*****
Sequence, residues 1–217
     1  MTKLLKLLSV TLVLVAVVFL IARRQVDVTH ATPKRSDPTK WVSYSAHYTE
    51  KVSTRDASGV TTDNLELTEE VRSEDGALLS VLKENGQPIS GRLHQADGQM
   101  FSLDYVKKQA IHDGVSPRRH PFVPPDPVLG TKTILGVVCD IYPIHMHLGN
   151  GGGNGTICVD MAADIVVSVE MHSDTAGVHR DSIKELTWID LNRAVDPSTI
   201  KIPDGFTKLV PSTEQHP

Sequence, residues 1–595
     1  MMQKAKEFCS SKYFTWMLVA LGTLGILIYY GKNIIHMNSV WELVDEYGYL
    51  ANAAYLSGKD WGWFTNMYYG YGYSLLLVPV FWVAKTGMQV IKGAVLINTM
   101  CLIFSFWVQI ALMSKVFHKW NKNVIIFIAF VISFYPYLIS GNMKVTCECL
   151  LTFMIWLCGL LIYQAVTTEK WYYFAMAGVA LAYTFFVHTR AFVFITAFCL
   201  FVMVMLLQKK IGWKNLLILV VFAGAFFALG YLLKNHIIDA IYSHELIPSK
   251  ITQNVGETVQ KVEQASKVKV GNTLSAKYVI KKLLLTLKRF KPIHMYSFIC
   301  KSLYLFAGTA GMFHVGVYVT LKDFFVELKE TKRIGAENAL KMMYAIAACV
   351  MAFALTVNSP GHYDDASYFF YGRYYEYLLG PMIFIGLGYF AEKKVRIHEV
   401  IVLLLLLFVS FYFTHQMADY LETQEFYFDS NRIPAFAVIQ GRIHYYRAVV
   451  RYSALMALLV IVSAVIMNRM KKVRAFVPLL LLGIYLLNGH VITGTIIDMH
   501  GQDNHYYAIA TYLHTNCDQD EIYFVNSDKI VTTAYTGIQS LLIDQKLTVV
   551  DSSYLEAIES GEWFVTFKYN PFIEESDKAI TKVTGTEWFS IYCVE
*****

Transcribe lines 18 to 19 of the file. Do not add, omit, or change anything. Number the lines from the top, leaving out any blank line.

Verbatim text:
   501  GQDNHYYAIA TYLHTNCDQD EIYFVNSDKI VTTAYTGIQS LLIDQKLTVV
   551  DSSYLEAIES GEWFVTFKYN PFIEESDKAI TKVTGTEWFS IYCVE